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Unjust Enrichment$
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Peter Birks

Print publication date: 2005

Print ISBN-13: 9780199276981

Published to Oxford Scholarship Online: March 2012

DOI: 10.1093/acprof:oso/9780199276981.001.0001

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At the Expense of the Claimant

At the Expense of the Claimant

Chapter:
(p.73) 4 At the Expense of the Claimant
Source:
Unjust Enrichment
Author(s):

Peter Birks

Publisher:
Oxford University Press
DOI:10.1093/acprof:oso/9780199276981.003.0004

Unjust enrichment is a category with a core where all agree, and a periphery where reasonable people begin to differ. At a certain point all agree once more that an outer limit has been overstepped. If a tidier boundary is to be defined, it has to be artificial. The law is used to that. It makes choices all the time to iron out uncertainties which would otherwise leave the law unstable. Such peripheral doubts beset the limits of ‘at the expense of the claimant’. The choices which every system therefore has to make turn out to have a profound effect on the range of its law of unjust enrichment. This chapter examines the meaning of ‘at the expense of’, focusing on what constitutes a sufficient connection between the would-be claimant and the enrichment he wants to claim. It discusses interceptive subtractions and their overlap with corresponding loss, leapfrogging, initially valid contracts, and no initial contract.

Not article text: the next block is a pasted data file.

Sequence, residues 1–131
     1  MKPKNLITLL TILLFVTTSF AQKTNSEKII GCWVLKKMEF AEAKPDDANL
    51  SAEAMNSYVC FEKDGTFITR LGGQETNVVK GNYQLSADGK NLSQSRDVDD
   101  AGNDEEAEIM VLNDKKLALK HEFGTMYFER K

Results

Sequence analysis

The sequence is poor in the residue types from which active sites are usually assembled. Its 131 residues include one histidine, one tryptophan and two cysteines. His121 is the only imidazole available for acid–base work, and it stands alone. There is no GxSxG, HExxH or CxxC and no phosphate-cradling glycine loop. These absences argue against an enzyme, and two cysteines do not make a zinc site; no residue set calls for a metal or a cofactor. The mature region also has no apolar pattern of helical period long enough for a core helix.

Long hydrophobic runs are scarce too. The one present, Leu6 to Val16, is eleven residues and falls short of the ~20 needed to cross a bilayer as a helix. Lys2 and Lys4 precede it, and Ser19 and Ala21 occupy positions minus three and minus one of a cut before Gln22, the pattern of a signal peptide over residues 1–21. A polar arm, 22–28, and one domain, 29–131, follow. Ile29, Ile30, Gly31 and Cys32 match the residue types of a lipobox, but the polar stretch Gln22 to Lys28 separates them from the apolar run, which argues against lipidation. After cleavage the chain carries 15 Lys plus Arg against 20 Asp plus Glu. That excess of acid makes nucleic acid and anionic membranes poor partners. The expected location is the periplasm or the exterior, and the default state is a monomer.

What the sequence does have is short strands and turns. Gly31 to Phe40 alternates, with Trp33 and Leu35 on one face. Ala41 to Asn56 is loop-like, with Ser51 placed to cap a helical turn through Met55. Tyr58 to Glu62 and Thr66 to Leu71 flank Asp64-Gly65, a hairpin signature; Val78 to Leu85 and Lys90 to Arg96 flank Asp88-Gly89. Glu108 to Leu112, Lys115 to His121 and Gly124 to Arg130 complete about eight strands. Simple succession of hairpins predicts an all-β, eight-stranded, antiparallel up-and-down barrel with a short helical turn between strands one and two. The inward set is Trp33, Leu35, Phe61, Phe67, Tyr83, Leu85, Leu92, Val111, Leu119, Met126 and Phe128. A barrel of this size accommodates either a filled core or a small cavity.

Keywords:   unjust enrichment, claimant, interceptive subtractions, loss, leapfrogging, contracts, law

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